Covid-19: GDP sees record rebound in third quarter

Ruben Fields
November 12, 2020

The fifth largest economy in the world is set to contract for the second consecutive quarter, dragging the country into an unprecedented recession, according to a forecast by the Indian national central bank.

The UK GDP monthly release showed that the UK economy expanded less-than-expected in September, arriving at 1.1% versus 1.5% expected and 2.1% previous.

Gross domestic product (GDP) shrunk 8.6 per cent in the quarter ending in September, the Reserve Bank of India said after reviewing high-frequency data to gauge economic activity.

"The steps we've had to take since to halt the spread of the virus mean growth has likely slowed further since then".

The government has responded to the fresh curbs, announcing that its generous salary support scheme, which sees it paying 80% of the salaries of workers retained by firms rather than fired, will be extended through March.

Jonathan Athow, ONS deputy national statistician for economic statistics, said that all main sectors of the economy continued to recover in September.

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With England's second national lockdown, and tougher Covid measures across the rest of the United Kingdom, experts are forecasting a sharp fall in GDP across November prompting fears of a double-dip recession.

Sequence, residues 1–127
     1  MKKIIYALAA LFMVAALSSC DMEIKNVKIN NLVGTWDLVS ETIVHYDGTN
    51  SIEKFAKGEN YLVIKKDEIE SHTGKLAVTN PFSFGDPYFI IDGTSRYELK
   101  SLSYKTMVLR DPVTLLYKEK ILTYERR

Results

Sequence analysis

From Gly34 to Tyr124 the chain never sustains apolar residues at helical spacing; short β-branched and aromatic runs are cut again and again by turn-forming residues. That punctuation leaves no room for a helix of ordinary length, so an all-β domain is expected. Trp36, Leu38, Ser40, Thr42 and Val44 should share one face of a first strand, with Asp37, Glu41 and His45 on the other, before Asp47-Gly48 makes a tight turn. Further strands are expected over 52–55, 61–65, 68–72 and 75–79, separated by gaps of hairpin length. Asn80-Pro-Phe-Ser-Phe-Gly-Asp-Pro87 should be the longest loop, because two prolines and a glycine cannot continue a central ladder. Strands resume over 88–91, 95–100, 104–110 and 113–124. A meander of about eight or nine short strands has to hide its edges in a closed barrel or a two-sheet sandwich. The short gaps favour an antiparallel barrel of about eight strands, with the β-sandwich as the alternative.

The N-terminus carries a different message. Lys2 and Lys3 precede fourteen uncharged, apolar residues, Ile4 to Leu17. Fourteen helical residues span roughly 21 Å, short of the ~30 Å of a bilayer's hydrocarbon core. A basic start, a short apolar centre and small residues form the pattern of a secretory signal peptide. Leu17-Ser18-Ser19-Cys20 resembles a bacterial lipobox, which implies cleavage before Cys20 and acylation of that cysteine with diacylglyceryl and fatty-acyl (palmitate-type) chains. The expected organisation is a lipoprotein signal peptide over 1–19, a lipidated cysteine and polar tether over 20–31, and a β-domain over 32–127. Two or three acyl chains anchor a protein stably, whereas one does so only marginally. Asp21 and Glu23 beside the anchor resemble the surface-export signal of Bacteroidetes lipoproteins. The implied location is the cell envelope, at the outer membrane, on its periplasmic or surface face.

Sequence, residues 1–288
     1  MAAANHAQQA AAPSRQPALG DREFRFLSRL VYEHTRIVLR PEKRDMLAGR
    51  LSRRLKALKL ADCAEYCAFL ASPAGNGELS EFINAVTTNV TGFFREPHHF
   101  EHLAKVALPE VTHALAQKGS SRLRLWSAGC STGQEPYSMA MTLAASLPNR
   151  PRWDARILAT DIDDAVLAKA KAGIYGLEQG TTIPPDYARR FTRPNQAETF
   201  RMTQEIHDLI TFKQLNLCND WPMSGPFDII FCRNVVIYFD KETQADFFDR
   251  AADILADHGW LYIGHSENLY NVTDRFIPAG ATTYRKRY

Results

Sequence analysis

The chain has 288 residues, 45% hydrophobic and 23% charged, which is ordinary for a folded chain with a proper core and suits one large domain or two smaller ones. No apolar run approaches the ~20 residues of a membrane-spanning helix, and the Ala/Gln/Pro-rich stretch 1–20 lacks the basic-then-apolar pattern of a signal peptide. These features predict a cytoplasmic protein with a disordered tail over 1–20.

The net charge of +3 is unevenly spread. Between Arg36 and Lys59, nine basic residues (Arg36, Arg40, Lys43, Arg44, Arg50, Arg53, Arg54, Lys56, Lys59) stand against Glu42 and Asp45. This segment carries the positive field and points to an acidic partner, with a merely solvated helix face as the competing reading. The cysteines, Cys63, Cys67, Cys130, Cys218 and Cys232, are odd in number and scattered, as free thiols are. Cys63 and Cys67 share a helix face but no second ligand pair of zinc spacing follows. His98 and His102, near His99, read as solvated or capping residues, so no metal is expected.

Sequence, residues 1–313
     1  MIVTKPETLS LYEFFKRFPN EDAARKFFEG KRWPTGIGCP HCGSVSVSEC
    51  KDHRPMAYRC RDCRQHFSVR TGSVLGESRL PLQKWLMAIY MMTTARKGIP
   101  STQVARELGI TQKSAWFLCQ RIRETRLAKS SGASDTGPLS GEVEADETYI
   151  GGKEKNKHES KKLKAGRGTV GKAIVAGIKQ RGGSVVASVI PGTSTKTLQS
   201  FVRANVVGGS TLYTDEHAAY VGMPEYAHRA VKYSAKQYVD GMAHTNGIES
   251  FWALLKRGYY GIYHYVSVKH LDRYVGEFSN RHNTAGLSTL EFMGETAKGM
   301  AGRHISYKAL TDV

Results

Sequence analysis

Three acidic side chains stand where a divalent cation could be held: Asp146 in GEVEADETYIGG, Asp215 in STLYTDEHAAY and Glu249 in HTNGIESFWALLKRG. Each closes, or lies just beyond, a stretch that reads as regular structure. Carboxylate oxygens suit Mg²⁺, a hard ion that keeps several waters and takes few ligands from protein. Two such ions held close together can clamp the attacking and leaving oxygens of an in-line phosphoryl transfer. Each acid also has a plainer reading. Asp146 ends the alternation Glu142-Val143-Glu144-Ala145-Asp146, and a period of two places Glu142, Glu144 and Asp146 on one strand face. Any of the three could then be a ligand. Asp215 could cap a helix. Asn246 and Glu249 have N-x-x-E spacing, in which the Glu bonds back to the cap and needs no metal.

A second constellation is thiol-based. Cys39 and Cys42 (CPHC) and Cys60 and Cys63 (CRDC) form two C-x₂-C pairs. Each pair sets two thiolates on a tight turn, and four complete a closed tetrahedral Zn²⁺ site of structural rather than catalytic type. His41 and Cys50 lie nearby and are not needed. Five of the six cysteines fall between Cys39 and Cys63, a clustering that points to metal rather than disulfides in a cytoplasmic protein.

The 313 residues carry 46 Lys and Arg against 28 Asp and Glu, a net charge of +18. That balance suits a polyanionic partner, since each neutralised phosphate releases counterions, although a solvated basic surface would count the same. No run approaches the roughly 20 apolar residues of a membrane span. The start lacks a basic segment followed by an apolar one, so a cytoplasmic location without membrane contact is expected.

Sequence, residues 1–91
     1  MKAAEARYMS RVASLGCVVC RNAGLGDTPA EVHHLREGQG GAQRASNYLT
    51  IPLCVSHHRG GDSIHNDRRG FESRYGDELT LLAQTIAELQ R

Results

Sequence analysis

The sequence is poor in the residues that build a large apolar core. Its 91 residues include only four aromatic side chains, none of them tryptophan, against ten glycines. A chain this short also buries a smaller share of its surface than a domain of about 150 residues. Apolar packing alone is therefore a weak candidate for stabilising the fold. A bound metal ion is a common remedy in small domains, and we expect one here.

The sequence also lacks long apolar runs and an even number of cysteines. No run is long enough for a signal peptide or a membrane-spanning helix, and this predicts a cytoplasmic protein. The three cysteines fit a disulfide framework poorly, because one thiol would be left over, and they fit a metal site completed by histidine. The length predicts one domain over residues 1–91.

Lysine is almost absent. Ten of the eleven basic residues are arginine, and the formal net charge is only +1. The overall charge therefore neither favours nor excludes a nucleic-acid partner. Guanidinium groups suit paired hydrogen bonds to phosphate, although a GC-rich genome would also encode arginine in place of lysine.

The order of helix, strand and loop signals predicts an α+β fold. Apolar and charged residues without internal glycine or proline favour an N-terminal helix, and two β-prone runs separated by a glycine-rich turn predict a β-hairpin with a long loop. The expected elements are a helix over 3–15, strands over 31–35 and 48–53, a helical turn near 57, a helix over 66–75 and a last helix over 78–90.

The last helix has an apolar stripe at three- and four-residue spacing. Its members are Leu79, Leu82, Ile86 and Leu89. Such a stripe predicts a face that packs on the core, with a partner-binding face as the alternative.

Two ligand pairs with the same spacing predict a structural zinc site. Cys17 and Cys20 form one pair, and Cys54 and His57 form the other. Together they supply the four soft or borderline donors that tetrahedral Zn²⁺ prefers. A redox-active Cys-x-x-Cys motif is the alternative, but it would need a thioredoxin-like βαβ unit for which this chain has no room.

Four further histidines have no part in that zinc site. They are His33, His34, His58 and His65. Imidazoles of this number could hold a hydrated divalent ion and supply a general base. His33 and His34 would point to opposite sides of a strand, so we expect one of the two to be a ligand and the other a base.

Britain plunged into a historic downturn after imposing a lockdown on 23 March that lasted until mid-June.

The unemployment rate meanwhile jumped to 4.8% in the third quarter as the pandemic destroyed a record number of jobs.

And the worry is that the economy will shrink again in the fourth quarter of the year after the resurgence of the virus led to fresh curbs on everyday life across the U.K. England, for example, is in the midst of a four-week lockdown until December 2.

BoE governor Andrew Bailey on Thursday described the vaccine announcement as "encouraging". It's mostly consistent with what we had forecast but it's encouraging.

Laith Khalaf, analyst at stockbroker AJ Bell, said "the real litmus test for the economy going forward is how soon it can return to pre-pandemic levels". The team of authors also used a range of indicators from vehicle sales to flush banking liquidity to signal brightening prospects for October. September enjoyed the remaining fruits of the Eat Out To Help Out scheme, which undoubtedly provided some buoyancy to economic growth.

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